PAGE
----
Immigrating to the United States was different for Dhara. Dhara was born in the United States, but spent most of her childhood growing up in Pune, India. She moved to the U.S. in June of 2011, a year after she began high school.
Unlike many immigrants, Dhara had a full support system of extended family near Livonia, Michigan, where she arrived. With no set home in mind at that time, Dhara and her family were readily welcomed into her uncle’s home.
For Dhara, moving was not the true surprise.
“It didn’t really feel like I was in a new country,” she recalls. Dhara had visited the U.S. many times before to see family. She “felt like [she] was on vacation for the first three months.”
For Dhara, the real ‘first day’ began when she started high school. Dhara’s prior conceptions of school in the United States centered around exaggerated depictions of high school on television.
The vacation soon ended for Dhara as she soon experienced the challenges of not only being the ‘new girl’ in high school, but also being a misinterpreted international student.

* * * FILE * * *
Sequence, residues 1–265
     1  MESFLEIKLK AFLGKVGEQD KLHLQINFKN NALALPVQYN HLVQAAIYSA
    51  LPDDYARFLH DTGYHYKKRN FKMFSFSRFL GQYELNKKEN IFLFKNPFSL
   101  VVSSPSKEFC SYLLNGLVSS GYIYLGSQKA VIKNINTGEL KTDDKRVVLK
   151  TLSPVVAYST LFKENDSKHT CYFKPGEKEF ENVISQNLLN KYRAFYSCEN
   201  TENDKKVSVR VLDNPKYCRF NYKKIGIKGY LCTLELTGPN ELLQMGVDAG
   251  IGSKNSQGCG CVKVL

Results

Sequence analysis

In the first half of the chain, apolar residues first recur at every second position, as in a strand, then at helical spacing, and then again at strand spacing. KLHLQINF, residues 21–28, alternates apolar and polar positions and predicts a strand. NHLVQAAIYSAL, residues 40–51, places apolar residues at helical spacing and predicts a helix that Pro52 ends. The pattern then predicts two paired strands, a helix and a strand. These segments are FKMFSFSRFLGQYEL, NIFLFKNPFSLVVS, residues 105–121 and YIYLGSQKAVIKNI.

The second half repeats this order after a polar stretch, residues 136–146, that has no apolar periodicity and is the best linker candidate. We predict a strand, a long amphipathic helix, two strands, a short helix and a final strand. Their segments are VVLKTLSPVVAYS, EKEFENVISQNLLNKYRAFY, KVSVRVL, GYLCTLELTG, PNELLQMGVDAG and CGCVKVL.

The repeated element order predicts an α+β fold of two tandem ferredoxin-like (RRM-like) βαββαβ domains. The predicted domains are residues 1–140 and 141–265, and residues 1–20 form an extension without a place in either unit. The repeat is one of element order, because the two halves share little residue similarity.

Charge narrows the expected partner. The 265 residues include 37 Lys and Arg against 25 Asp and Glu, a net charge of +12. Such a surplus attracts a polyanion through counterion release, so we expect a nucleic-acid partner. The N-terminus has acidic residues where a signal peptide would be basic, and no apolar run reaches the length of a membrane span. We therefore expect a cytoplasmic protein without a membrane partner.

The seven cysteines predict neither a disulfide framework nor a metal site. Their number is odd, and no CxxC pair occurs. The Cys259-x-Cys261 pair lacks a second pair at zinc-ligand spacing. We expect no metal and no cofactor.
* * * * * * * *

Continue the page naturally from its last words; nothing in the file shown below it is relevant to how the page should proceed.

“I remember being put in the ESL class even though we told them [the school administrators] that we were fluent in English since we were four years old.” After countless meetings with guidance counselors, Dhara was finally able to be in classes that she wanted.
However, not all transitions were as smooth as Dhara’s academic transition.
“My first teacher wholeheartedly complimented me on my English. Was that supposed to be a compliment? And I remember everyone being eager to interact with the French kid who was also an international student, but no one really approached me for a while. I remember the first six months of lunch being really hard. It took me until second semester of junior year to have a solid group of friends.”
Despite the initial challenges of high school, many of Dhara’s comments return to the support of her family network. Her cousins and relatives were always there to guide her and her family. She remembers never being in want of anything because they were always there.
Dhara fondly recalls how “the biggest thing they [her relatives] gave us was emotional support.”
Even in a new country, Dhara had a piece of home with her, and that made all the difference.